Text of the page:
Cracked or damaged nightguards can increase the risk of cavity development. Visit SportingSmiles today to find out how you can get a high-quality, low-cost replacement guard.
You now know that your mouth is full of bacteria that feed off food particles and plaque on your teeth. When you put your night guard in your mouth, not only does it become covered in bacteria, but it traps the bacteria up against your teeth while in place. If bacteria remain in contact for extended periods of time, your risk for cavity development increases. Luckily, there are things you can do to reduce your risk.
Proper Oral and Night Guard Care Reduces the Risk of Cavities
Since you wear a nightguard, you are already doing something to protect the enamel of your teeth. Your night guard stops the destruction of your enamel from your teeth grinding together while you sleep. So, you don’t want to let that night guard contribute to possible cavities in other ways. The good news is, you can prevent that with proper oral care and caring for your night guard. Reduce the risk of bacterial build-up on your teeth and night guard with these steps.
- Brush and Floss Your Teeth – Reducing the risk of cavities begins with good oral care. You should brush your teeth at least twice a day and floss at the end of the day to remove any trapped food particles. When it comes to wearing a nightguard, you should always brush and floss your teeth prior to putting the night guard in, as this reduces the bacteria that would be trapped on the surface of your teeth.
- Always Rinse Your Mouthguard – Before placing your mouthguard in your mouth, always rinse the guard to remove any possible bacteria or debris.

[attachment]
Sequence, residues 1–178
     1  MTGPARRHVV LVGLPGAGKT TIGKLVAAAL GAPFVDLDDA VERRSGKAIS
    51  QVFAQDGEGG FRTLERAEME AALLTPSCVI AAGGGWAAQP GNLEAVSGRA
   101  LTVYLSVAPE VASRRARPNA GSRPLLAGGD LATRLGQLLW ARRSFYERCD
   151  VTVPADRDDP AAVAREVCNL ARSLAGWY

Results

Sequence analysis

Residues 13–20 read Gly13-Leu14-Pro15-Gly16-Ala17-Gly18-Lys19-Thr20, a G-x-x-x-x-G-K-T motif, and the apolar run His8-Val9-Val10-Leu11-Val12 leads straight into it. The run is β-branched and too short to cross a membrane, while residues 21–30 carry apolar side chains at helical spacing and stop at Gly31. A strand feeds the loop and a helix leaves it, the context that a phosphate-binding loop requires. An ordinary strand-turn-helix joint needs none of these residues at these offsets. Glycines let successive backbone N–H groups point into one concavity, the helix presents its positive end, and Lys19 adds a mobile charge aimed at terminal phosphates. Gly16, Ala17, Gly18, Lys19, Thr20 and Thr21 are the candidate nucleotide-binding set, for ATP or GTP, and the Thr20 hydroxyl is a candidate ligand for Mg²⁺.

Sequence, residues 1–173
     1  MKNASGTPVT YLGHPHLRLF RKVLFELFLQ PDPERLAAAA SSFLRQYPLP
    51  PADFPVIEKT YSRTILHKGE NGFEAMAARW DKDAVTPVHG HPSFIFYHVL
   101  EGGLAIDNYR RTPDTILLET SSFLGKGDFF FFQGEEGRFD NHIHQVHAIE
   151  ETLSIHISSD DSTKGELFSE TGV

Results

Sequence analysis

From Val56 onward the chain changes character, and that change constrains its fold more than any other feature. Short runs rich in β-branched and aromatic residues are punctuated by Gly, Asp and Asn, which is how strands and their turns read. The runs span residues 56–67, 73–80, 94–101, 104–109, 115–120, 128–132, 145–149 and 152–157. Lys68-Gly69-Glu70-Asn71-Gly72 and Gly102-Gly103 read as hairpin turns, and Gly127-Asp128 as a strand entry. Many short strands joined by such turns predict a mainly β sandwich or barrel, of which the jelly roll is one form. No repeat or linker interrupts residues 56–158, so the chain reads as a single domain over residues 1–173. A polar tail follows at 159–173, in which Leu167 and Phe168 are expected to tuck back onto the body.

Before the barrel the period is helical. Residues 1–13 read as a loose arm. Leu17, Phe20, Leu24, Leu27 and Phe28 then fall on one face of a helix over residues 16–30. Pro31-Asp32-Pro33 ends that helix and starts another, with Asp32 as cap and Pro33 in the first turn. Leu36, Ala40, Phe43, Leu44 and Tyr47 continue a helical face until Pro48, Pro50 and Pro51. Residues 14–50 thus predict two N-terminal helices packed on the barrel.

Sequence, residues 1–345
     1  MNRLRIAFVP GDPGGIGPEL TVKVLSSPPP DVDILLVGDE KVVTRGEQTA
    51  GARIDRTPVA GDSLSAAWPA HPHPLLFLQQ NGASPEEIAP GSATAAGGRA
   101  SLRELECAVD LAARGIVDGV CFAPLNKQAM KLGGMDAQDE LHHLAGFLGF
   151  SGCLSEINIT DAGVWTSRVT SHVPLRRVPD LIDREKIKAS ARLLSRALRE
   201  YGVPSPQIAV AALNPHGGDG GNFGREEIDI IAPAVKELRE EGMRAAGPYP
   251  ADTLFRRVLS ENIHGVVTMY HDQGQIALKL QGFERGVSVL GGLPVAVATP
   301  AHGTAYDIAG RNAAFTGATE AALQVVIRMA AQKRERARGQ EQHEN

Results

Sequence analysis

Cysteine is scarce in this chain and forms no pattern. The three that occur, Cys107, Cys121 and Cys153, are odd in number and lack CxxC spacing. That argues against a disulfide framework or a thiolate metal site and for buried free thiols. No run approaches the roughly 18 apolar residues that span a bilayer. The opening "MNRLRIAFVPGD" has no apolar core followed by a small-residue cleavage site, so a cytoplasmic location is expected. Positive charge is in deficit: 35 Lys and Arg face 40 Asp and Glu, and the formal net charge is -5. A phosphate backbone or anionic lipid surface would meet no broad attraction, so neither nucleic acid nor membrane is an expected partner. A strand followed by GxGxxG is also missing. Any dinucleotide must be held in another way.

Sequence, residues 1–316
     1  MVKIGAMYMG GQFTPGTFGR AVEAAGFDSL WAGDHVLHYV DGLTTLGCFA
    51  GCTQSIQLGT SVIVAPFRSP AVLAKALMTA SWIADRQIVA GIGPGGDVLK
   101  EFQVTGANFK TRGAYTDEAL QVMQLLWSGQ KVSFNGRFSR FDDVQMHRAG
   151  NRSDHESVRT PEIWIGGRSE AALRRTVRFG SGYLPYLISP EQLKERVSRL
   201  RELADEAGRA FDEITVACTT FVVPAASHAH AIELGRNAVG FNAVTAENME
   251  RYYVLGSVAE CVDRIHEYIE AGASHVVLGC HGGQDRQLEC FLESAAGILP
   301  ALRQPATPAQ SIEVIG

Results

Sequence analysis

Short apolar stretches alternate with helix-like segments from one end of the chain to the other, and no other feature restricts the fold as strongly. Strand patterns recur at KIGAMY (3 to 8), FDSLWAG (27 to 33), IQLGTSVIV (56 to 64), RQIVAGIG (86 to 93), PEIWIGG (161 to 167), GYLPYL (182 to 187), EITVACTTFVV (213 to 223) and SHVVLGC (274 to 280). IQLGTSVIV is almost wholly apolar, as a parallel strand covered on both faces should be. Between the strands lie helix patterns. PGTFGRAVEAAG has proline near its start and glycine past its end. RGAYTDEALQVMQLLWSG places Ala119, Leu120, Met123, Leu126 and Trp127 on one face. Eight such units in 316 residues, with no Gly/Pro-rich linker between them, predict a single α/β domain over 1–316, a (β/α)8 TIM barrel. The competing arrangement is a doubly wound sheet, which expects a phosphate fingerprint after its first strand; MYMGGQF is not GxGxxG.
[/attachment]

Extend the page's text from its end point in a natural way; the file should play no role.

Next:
- Removing the Guard in the Morning – After you wear your guard overnight, remove the guard and thoroughly clean it with soap and cool water or your toothbrush and non-abrasive toothpaste. Let your guard air dry before putting it in the case. After cleaning the guard, thoroughly brush your teeth to remove any bacterial buildup that occurred overnight.
- Soak Your Mouthguard At Least Once a Week – At SportingSmiles, we recommend Fresh Guard by Efferdent. This is formulated for oral appliances like night guards, mouthguards, and retainers. A quick 30-minute soak helps remove bacteria and mouth film from the guard.
- Replace a Broken or Damaged Night Guard Immediately – If you notice signs of cracking or tears in your night guard, replace it immediately. Bacteria can hide in these cracks or tears, making it difficult to remove. Once in your mouth, bacteria thrive and feed on your teeth.
SportingSmiles Can Help With Replacement Night Guards
At SportingSmiles, we understand the importance of a good night guard, as well as the importance of proper oral and mouthguard care. Keeping your night guard in top shape is essential to reducing your risk of developing cavities. Should you need a replacement night guard, we offer the same high-quality guards as your dentist, but at a fraction of the cost. For more information, visit Teeth Grinding Guards today.